“In many ways it is comparable to what we did to the Japanese, at the point of Pearl Harbor,” he said. “The hysteria of the moment caused the government to trample their civil rights and I think that a certain amount of that has happened.”

Instead of the mass round-ups that were employed in the Japanese Interments of the World War II era, the Justice Department has engaged in “preventative detentions.” Preventative detentions enable the government to arrest and then later charge suspects with crimes, if they are indeed guilty of breaking the law.

Being reactionary in the political progress has Simon doubting the potential security of the sweeping new powers the Justice Department now wields.

“A free country cannot be 100 percent secure,” he said. “We are going to have to take some risks. You take a small risk no matter what you do.

“We have to use common sense and keep our eyes focused on what we have to stop.”

And with the federal government, including the Justice Department, mounting a public relations tour of the act, Jackson said that the government and the restrictive measures it has put on citizens has turned into cries of unrest, calling for governmental reasoning.

“It illustrates that they are concerned about the level of erosion and support particularly when their own supporters from the conservative end of the spectrum are complaining about the act,” Jackson said.

The American Civil Liberties Union has protested the provisions of the act since its conception, calling into question the reasoning as well as the ease at which the government has been able to justify mass detentions of Arab and South Asian men.

Ed Yonhka, director of press relations at the Illinois chapter of the ACLU, said the federal government is operating on procedures that are overly broad and intrusive.

“It goes so far as to break with tradition. It allows intrusive investigations to take place not of people who are suspects, and who are suspected of terrorism, but virtually everyone can now be a target of investigation,” he said. “For one thing the Patriot Act’s definition of terrorism is so overly broad and expansive that it includes not only groups such as Al-Qaeda but groups like Green Peace or Operation Rescue.

“Who gets investigated becomes a issue.”

Interventionism, as prescribed by the act, allows for greater access to electronic surveillance and no need for probable cause — the information only needs to be sought in an investigation. Yonhka said that does not meet probable cause standards.

“That allows law enforcement officials the ability to go on fishing expeditions into the peoples’ records and life,” he said, “when they aren’t really suspected of doing anything illegal or being involved in a conspiracy.

“There are people and groups out there that feel they are being specifically targeted.”

On Nov. 29, 2001, the New York Times reported an estimated 1,200 detainees were being held in various detention centers throughout the Northeast, and of those, “only a handful had Al-Qaeda links.” The Government officially told the Washington Post 20 days earlier that it would stop releasing the tallies of suspected detainees.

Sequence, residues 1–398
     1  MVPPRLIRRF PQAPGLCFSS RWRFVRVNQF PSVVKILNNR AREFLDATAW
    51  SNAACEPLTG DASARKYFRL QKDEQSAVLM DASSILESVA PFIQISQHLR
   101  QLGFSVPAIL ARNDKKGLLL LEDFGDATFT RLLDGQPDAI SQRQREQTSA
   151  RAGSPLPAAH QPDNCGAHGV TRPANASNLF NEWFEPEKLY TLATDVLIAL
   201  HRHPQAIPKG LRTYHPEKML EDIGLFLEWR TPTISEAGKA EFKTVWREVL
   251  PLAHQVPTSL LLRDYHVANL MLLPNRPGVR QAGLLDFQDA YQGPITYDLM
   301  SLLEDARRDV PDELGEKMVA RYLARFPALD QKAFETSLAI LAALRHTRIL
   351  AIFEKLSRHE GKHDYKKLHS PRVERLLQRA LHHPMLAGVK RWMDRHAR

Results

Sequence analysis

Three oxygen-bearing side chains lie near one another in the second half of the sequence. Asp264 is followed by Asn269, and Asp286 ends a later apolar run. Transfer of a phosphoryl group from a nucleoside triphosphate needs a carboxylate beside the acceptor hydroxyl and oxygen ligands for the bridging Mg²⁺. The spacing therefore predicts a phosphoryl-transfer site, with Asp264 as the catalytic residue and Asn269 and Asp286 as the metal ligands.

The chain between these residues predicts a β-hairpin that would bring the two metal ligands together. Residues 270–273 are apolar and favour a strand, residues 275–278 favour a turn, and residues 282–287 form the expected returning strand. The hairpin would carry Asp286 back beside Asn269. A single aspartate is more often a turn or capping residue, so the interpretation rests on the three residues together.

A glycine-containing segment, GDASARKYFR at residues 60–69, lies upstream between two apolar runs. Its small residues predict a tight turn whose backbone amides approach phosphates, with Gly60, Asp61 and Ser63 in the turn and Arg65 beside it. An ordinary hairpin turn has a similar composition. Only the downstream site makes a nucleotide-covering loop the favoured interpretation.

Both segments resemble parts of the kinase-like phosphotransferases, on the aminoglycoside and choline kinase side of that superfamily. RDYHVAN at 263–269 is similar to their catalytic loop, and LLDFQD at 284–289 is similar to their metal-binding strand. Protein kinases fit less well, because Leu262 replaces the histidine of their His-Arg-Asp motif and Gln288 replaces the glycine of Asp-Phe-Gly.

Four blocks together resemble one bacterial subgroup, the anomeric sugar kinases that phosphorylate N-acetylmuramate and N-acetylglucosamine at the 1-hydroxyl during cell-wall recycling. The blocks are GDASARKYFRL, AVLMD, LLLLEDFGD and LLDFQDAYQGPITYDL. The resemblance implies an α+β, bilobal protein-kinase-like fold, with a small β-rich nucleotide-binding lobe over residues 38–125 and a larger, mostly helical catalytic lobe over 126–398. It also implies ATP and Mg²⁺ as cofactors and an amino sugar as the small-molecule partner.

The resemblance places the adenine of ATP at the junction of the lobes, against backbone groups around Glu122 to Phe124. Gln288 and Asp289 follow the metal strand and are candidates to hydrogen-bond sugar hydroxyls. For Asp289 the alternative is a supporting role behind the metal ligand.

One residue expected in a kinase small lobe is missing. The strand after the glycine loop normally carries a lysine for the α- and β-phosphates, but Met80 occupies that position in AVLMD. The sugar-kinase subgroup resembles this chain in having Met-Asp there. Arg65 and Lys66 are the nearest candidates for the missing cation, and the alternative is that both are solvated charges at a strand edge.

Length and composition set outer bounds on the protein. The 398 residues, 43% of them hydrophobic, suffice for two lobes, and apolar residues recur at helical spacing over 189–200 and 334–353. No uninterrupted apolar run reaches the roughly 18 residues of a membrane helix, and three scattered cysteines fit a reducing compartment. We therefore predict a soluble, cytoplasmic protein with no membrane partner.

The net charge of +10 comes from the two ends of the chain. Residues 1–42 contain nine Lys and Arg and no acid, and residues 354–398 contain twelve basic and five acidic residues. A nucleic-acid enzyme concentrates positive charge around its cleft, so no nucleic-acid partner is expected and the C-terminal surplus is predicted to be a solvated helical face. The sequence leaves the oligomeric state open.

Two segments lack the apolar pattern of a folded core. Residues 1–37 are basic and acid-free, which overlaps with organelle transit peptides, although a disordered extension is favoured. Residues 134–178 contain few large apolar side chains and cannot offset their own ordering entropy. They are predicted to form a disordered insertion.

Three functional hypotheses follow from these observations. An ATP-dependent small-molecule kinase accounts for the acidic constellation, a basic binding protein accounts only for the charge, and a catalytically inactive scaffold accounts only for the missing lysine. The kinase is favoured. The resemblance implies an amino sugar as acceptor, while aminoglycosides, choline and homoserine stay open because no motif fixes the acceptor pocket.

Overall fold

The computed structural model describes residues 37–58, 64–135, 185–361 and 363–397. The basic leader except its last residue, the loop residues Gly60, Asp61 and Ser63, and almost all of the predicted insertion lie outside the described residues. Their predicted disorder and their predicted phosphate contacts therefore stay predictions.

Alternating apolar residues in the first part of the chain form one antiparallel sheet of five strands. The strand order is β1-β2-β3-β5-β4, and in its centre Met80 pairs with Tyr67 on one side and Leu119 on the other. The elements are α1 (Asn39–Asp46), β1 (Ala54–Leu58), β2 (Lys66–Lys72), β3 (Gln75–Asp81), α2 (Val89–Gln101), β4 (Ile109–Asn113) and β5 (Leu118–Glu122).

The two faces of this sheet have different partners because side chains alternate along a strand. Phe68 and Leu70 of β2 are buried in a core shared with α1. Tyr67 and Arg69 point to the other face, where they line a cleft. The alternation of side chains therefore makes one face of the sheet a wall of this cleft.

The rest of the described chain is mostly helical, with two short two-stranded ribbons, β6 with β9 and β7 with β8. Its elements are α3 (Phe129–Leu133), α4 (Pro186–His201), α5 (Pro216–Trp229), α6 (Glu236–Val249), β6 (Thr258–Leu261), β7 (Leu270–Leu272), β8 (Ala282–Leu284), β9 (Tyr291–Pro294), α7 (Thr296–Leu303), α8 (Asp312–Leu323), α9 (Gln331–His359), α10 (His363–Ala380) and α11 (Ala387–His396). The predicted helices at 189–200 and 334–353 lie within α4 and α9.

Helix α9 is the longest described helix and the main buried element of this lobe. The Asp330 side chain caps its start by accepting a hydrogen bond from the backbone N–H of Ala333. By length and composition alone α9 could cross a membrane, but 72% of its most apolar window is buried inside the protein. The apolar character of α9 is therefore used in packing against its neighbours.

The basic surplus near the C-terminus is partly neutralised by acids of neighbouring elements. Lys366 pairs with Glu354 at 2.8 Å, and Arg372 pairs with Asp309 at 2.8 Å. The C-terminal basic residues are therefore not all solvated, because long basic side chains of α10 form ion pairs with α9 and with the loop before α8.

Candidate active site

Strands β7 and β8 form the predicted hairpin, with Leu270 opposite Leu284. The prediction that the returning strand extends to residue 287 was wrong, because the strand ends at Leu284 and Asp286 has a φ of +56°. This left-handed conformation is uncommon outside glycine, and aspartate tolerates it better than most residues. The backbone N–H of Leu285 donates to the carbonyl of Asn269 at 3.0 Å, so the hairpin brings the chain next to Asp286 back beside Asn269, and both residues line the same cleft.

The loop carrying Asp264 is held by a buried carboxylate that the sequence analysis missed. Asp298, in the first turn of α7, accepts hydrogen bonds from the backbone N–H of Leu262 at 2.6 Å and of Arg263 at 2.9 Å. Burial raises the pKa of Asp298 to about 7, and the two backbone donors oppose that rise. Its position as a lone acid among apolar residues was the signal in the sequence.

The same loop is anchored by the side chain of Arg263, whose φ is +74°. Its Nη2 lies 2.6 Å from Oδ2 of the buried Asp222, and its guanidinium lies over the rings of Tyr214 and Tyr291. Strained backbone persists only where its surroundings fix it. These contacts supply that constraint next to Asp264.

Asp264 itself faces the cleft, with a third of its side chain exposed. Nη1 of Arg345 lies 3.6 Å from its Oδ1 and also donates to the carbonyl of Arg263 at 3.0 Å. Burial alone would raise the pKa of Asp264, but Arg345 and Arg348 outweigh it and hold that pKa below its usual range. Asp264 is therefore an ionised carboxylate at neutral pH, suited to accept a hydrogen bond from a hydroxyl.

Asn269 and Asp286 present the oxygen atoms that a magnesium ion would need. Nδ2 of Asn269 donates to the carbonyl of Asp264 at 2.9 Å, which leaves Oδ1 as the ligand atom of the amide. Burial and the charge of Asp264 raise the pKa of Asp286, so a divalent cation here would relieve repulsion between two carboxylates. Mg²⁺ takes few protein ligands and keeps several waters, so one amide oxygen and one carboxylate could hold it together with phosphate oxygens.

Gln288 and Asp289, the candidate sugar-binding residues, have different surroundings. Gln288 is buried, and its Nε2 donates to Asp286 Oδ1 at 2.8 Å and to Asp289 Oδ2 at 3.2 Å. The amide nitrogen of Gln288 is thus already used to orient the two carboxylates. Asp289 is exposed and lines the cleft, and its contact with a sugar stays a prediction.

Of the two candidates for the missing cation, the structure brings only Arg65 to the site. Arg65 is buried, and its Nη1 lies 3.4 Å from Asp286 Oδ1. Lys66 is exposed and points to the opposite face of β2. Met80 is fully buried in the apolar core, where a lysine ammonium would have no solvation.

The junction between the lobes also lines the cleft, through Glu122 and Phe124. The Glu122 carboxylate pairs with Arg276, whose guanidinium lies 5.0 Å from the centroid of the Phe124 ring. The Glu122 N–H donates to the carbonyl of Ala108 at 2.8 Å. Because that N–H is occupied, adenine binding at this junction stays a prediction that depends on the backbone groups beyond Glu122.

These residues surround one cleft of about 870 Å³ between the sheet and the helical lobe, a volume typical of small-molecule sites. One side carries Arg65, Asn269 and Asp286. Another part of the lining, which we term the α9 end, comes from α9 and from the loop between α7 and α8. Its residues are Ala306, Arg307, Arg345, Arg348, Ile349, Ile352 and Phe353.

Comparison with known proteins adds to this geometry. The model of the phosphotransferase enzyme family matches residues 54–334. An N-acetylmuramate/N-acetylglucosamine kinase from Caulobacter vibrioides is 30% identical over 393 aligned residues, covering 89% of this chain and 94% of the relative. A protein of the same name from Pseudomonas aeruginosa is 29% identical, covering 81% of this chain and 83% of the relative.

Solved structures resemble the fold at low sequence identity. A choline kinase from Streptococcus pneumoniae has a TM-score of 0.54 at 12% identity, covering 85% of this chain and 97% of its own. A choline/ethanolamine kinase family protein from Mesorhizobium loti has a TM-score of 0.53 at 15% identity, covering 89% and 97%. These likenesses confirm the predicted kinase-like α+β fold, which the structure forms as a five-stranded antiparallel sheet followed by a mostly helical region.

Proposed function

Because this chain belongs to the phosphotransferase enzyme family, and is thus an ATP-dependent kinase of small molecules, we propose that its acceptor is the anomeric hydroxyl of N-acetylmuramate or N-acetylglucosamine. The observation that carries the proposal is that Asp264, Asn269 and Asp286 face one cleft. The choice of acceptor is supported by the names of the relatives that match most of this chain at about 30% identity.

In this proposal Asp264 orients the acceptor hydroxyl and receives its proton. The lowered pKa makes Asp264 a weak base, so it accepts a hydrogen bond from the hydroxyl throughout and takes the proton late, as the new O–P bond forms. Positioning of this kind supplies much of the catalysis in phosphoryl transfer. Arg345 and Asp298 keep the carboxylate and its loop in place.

“The reason we don’t know the precise number is because the Department of Justice won’t tell us the number,” Yonhka said. “They have decided that keeping people secretly detained is an appropriate activity a free and open society.”

Yonhka said not one of those people who were detained in the initial round-up after 9/11 were ever charged with terrorism or conspiracy to commit terrorism.

“Many of these individuals were detained in conditions that do not live up to the American ideal of how we should treat people. Some were sometimes physically and verbally abused.”

The problem with detaining people before they could have a chance to commit crimes or pose a particular threat led to wrongful detentions of law-abiding immigrants, Yonhka said.

Detentions can be for undisclosed amounts of time lasting from seven days to a year. Cindy Buys, a SIUC professor who specializes in immigration law, said the government used to have tell an immigrant of the charges bought against him within seven days of detention. But the USA PATRIOT ACT allows detentions without evidence made clear to the immigrant.

“They can basically hold terrorists for unlimited times,” Buys said. “Part of the problem with this is that the Justice Department claims that this information is sensitive and confidential and they cannot disclose it. But that leaves the immigrant in limbo because they do not have access to what they have been accused of and don’t have access to all the information.”

In the coming weeks and months after the attacks, the White House under the approval of the president would budget $5.9 billion to defend the nation against biological terrorism, an increase of $4.5 billion — or 319 percent — from the 2002 level. The Department of Homeland Security would be formed, and the inclusion of several departments into one large bureaucratic machine would begin to churn away at the obliteration of terrorism.